squeezing lemon on oyster

Slurp your way to happiness in Washington, D.C. (Photo: Getty Images)

Eat + Drink

Move Over, Cheesesteaks and Beignets: Here’s What to Eat Next in 8 Major Food Cities

Every foodie dives into a city with a plan — tackling a cheesesteak in Philadelphia, waiting at Café du Monde in New Orleans for beignets or deciding which deep-dish pizza to snarf in Chicago for the cheesiest slice.

And while you should tackle every one of these must-eat dishes in their hometowns, there are plenty of other unexpected, highly vetted dishes that locals love just as much.

From half-smoke sausages in Washington, D.C., to Seattle’s very own hot dog (topped with cream cheese!), here’s a look at the other top eats in major cities.

As always, check for travel restrictions and closures before planning your trip.

Washington, D.C.

D.C. is a melting pot of food cultures, but Chesapeake blue crab and Chesapeake oysters should be top priority on your eating list. There’s no shortage of seafood joints in the city, but turn to Pearl Dive Oyster Palace and Ivy City Smokehouse for a delicious intro.

Half-smoke sausages — a combo of ground beef and pork, with peppers — are another local favorite and can be found at Ben’s Chili Bowl and DCity Smokehouse, among a few other spots. Korean fried chicken is also done well in the city, so curb cravings at one of several hot spots, including Cheogajip Chicken.

New Orleans

crayfish boil
Get your hands dirty at a crayfish boil. (Photo: Getty Images)

While beignets satisfy the sweet tooth in all the right ways, there’s way more to New Orleans than this powdered-sugar and dough delicacy.

Frozen Irish coffee is a thing, and you can try this at Erin Rose, a dive bar where locals and tourists collide. Plus NOLA is home to Killer Poboys, where you can sample an authentic po’boy sandwich. Turtle soup is another local favorite; try it at Commander’s Palace. Or head to Marjie’s Grill for a proper crayfish boil, when in season.


It’s best to find time to run when visiting Dallas, as there’s a bounty of items to eat, starting with melty, gooey, spicy queso fundido — which is wildly addictive. Check out the melty goodness at Torchy’s Tacos, Matt’s Rancho Martinez and Pepe’s & Mito’s.

If Frito pie sounds enticing (think Fritos topped with chili, cheese and onions — and sometimes jalapeños, if you’re lucky) head to Harvey B’s.

And since Texas’ state tree is the pecan tree, pecan pie fans can expect to find a plethora of pecan pie variations dotted throughout the city; Emporium Pies offers a standout bourbon version.


bowl of clam chowder
Warm up with clam chowder. (Photo: Getty Images)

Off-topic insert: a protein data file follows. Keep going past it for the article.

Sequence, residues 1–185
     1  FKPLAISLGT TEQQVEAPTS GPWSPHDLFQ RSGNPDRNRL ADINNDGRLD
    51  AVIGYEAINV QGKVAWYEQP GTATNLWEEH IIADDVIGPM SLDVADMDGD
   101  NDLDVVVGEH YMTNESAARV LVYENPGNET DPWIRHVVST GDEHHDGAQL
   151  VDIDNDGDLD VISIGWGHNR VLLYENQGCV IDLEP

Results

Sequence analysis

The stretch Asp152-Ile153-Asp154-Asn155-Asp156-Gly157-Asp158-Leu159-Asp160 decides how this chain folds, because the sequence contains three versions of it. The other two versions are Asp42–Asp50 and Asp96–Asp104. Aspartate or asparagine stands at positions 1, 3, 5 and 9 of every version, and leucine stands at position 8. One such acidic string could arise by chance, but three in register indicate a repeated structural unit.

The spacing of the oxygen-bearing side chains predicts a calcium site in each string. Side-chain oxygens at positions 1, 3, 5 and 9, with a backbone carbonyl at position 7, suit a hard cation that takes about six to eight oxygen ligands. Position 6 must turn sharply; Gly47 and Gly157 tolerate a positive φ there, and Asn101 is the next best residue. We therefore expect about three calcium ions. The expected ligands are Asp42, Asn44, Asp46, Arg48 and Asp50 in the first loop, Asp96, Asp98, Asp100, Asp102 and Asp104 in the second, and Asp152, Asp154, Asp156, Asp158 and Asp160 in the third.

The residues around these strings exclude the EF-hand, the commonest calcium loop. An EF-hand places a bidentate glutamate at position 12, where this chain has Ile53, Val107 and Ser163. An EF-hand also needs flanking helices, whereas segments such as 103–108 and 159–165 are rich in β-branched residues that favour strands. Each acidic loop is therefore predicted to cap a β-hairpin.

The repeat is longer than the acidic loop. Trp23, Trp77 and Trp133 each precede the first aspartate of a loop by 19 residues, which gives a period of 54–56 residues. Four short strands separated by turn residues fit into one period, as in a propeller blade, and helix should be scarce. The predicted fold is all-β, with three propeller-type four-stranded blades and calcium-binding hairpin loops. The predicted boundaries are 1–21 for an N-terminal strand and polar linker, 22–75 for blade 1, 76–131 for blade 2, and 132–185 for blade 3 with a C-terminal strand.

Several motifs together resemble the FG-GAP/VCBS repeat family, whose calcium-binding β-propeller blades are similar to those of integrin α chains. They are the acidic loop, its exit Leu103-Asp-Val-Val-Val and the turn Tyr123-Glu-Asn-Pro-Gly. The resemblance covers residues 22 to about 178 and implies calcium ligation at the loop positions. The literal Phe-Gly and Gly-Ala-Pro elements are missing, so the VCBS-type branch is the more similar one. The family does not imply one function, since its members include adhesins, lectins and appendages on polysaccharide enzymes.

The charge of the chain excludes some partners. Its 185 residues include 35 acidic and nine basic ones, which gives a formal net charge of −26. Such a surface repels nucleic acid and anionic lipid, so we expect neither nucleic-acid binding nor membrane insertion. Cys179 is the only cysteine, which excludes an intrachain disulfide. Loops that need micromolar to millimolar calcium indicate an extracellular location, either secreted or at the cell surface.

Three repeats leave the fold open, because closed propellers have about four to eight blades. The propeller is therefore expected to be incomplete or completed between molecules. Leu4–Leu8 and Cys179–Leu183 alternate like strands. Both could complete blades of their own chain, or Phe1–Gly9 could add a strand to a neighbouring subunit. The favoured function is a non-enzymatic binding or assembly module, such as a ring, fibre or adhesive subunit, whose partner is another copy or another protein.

Union Oyster House and Atlantic Fish Company are both home to one of Boston’s most beloved seafood-centric dishes: clam chowder. With seafood on your mind, it wouldn’t be a proper visit without an order of Boston-style fish and chips. Find the beer-battered specialty at many spots, including Barracuda Tavern. Seafood aside, score a slice of hyped Italian cheese pizza from Santarpio’s Pizza.


A Philly cheesesteak is always a good idea, but don’t sleep on a roast pork sandwich from John’s Roast Pork. The sandwich is crafted with slow-roasted pork slices, melted provolone and broccoli rabe or spinach sautéed with garlic.

A Philly soft pretzel from Philly Pretzel Factory — or really any street vendor — is a solid snack idea. The pretzel entails a tighter figure eight with a chewier, more dense texture that people love.

Calling all pizza enthusiasts: Philadelphia is famous for square pizza, and there’s one place to get it: Santucci’s Original Square Pizza. During summertime, water ice (to locals, “wudder Ice”) is a favorite sweet treat. It’s more thrilling than the name implies, as it’s a smoother version of traditional Italian ice. Cool down at Pop’s Homemade Water Ice or Lucio Mancuso & Son.

San Francisco

dim sum in basket and plates
Dim sum is delicious. (Photo: Getty Images)

San Francisco‘s food scene is vast, but there are a few must-try bites to seek out — including a sourdough bread bowl (filled with clam chowder) from Boudin Bakery, a mainstay in the city since 1849.

Get adventurous and try abalone, a delicate, tasty marine snail, at spots like Anchor Oyster Bar and Hog Island Oyster Co. The best dim sum outside of China is said to be found in San Francisco. Find traditional rolling dim sum carts in the city’s Chinatown restaurants and spots like Shanghai Dumpling King and Dragon Beaux.


Most think of deep-dish pizza rivals, Giordano’s and Lou Malnati’s, when it comes to Chicago eats, but there are way more delicious things in Chi-Town to add to your list.

Pick up a tin of Chicago-style popcorn — cheddar cheese and caramel kernels mixed together for a sought-after, sweet-and-salty snack — at Garrett Popcorn Shops. Save room for a Chicago dog topped with yellow mustard, chopped onions, sweet pickle relish, a dill pickle spear, tomato slices and pickled sport peppers, from Portillo’s.

Or grab an Italian beef from Roma’s Italian Beef & Sausage. The sandwich comes piled high with thin, simmered slices of roast beef and hot and sweet peppers on an Italian roll dipped in gravy (aka beef juice).


The first Starbucks popped up in Seattle in 1971, paving a caffeine-laden path for this coffee-obsessed city. Today, more than 2,000 coffee shops grace Seattle, and Moonshot Coffee, Fulcrum Coffee and Sound & Fog are among local favorites.

Never question the opportunity to devour mac and cheese from Beecher’s Handmade Cheese, and for late-night eats, locate a hot dog stand and get yourself a satisfying Seattle dog. This local treat involves a hot dog topped with cream cheese and sautéed onions, but don’t knock it until you try it.

Finally, don’t leave the city without trying hom bow at Mee Sum Pastry — BBQ pork mixed with spices and onions on a sweet roll.